From Alabama to Georgia: The Glenn Schumann experience
ATLANTA – Glenn Schumann was a popular guy on Saturday morning. For the one hour that comprised media day for the national championship game, reporters quizzed and prodded a man who will not play on Monday night, who few had heard of two years ago, and who no one could seem to find anything about when Georgia hired him. Even Google came up relatively empty.
Was he created out of thin air by Kirby Smart? Is he a cyborg, a reporter jokingly asked?
“I’d like to think that my parents will take credit for creating me,” he said. “No, I just didn’t have any reason to be known. I just did what I was supposed to do. And I’m fortunate enough that Kirby believed in me.”
The reason reporters flocked to Schumann is that he’s among the few that knows both programs — Alabama and Georgia — inside and out. He worked at Alabama from 2008-15, beginning as an 18-year-old student and working his way up to be one of Smart’s most trusted quality control advisors. When Smart became Georgia’s coach two years ago, he hired Schumann as inside linebackers coach.
Therefore, Schumann became an irresistible potential source for the stampede of reporters looking to do Nick Saban and Kirby Smart comparisons. Such as this question: What is the main difference between working with each?
Schumann answered slowly and carefully.
“I don’t like focusing on differences,” he said. “There’s a lot of similarities in the way day-to-day business is conducted. There’s a human aspect to this profession, and Kirby’s different from Nick on a personal level. Not better or worse. And so that’s a quote-unquote difference.”
Is the work-life balance better with Smart? Again, Schumann answered carefully, and this time also knowingly.
“I enjoyed working at Alabama,” Schumann said, sensing skepticism from his questioner, who was from Tuscaloosa. “You’re smiling, but I love to work. Both people work really hard. And so if you love to work it’s a great place to be. I relate well to Nick, I relate well to Kirby. I don’t think it’s easier to relate to one or the other.”
OK, let’s fill in some of the background on Schumann, who does have a purpose in life other than being a potential Saban-Smart tell-all novelist.
He was born in Valdosta, but spent his childhood moving around. His father Eric, who played safety at Alabama in the 1970s, was a defensive coordinator at eight different places, as far west as New Mexico and as far east as Valdosta State. (Where Smart got his first full-time coaching job. So perhaps the relationship was preordained.)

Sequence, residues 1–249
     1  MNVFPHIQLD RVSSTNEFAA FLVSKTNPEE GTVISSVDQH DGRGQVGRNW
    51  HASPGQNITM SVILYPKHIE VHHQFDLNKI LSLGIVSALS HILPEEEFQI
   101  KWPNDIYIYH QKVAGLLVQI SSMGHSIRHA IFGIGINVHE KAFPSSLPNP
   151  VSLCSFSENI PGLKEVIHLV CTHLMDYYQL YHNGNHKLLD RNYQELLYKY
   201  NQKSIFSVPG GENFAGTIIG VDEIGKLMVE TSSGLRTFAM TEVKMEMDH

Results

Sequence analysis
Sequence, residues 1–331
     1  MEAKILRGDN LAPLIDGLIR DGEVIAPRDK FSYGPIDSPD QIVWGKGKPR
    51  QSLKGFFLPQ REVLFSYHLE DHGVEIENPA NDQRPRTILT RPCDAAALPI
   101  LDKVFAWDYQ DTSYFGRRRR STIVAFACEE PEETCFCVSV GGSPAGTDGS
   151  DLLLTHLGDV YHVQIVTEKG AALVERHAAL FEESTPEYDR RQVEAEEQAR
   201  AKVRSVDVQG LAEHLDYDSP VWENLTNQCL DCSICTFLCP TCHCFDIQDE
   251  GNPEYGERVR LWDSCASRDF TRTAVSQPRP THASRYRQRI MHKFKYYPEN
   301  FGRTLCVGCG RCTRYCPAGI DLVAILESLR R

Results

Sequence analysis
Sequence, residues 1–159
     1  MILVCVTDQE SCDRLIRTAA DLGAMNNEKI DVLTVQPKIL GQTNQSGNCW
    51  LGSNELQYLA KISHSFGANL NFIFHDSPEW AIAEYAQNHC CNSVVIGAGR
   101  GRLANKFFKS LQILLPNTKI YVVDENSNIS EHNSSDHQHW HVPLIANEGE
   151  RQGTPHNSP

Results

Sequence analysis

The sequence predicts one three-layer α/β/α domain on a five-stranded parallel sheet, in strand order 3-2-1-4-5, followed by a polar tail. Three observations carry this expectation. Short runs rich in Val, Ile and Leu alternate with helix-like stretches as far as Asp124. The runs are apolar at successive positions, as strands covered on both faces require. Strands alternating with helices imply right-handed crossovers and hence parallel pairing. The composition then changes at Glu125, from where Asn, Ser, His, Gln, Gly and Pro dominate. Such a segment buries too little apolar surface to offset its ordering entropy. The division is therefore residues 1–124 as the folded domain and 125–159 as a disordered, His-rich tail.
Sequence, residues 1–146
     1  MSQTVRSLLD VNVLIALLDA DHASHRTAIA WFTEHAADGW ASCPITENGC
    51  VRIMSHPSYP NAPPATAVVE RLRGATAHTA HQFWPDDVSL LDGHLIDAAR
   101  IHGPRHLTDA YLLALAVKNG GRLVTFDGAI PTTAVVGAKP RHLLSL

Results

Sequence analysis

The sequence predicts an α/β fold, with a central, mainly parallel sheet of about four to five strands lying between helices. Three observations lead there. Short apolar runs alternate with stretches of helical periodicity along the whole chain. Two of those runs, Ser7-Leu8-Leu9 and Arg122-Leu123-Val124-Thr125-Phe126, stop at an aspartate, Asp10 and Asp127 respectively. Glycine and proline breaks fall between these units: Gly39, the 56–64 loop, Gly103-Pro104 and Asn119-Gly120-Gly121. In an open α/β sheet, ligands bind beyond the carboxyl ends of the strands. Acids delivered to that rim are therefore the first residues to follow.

Schumann’s athletic lineage doesn’t stop there: His mother, Dr. Sherry Schumann, is an administrator at Collin College in Texas. His grandfather, Jack Haskin, was a coach at Florida State and is a member of the FSU Hall of Fame.
Future Georgia defensive coordinator Mel Tucker, coming to Alabama in 2015 after years of experience in the NFL and college level, said he could “tell [Schumann] had a great understanding of the game.”
Glenn Schumann graduated high school in Texas, then enrolled at Alabama, where he began his coaching career as a student assistant. (“Doing anything that was asked of me,” he said.)
Eventually he became a graduate assistant, which allowed him to work on the field at practice with players. Then he moved to player development, which meant he couldn’t coach during practice. But he was able to interact more with the coaching staff and “grow in different ways there,” as Schumann put it. He had a role in game-planning, for instance.
“I think one of the biggest benefits is because I was there so long, I got to see each aspect of organization from a personal level, and take on different responsibilities,” Schumann said. “I did a little bit of everything, I guess, in a nutshell.”
Schumann, who will turn 28 in March, is among the youngest assistant coaches in high-level college football. He’s only four years older than Reggie Carter, one of his inside linebackers.
But ask Schumann if that helps him in relating to players and recruiting them, and he shrugs.
“A parent was asking me about relationships with my players in recruiting the other day. And I say, I feel I have a great relationship with my guys because I’m young — but not because of my age,” he said. “Because we have similar tastes in music or we do similar things. But because I feel so blessed to be able to coach them, and I like to think that if players know you’re excited to coach them every day then they respond to that. Because they know that you’re just not in it for yourself.”